White rice can cause your dog’s blood sugar levels to rise because it has a higher glycemic index than brown rice, so the carbs are more quickly converted into sugars.
Will Rice Help My Dog with An Upset Stomach?
When a dog is suffering from GI distress like diarrhea or an upset stomach, a bland diet can soothe their stomach and help them get back to normal.
White rice is a great option to serve your dog when he is having gut issues. It is easy to digest but still provides your dog with the necessary carbohydrates and calories that he needs to keep his energy up.
Rice is also quick and easy to prepare. It’s cheap and typically something you already have in your pantry. This makes it ideal for when your dog is having stomach problems and you need to feed him something different at a moment’s notice.
What About Grain-Free Diets?
The jury is still out on this one, but many vets don’t actually recommend switching your dog to a grain-free diet.
Grain-free dog foods don’t contain corn, soy, wheat, rice, barley, or other grains but might have some grain alternatives like peas, lentils, chickpeas, beans, or potatoes.
Although grain-free options have become very popular in the last few years, with almost every major commercial dog food brand offering its own alternative, there is a potential link to canine heart disease.
There is no proof yet, but the FDA is investigating the potential connection between canine dilated cardiomyopathy (DCM) and certain grain-free diets.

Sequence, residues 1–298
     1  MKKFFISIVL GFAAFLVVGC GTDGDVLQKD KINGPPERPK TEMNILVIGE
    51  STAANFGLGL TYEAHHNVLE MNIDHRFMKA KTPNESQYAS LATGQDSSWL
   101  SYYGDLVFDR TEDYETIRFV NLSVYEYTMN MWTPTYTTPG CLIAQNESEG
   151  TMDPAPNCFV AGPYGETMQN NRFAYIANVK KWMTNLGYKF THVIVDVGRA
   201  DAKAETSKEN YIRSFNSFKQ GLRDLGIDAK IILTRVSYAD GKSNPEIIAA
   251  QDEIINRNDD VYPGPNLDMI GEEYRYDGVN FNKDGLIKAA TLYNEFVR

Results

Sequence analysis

Large breeds are naturally at a higher risk of DCM, but reports of the disease in other breeds not typically predisposed to it have sparked concern. DCM can lead to congestive heart failure and be fatal for your dog.
Some dogs who might have food allergies could benefit from a grain-free diet, but the percentage of dogs with allergies to grains is extremely low. It’s actually more likely for your dog to be allergic to beef than to any grains like rice.
If you’re curious about switching your dog’s regular food to a grain-free option, speak to your veterinarian first.
If you feed your dog a grain-free diet already, you probably shouldn’t feed them rice, even when they have an upset stomach. Changing their diet suddenly, especially if their body isn’t used to digesting grains, can be tough on their GI system, which is the opposite of what you want.
How Should I Prepare and Serve Rice for My Dog?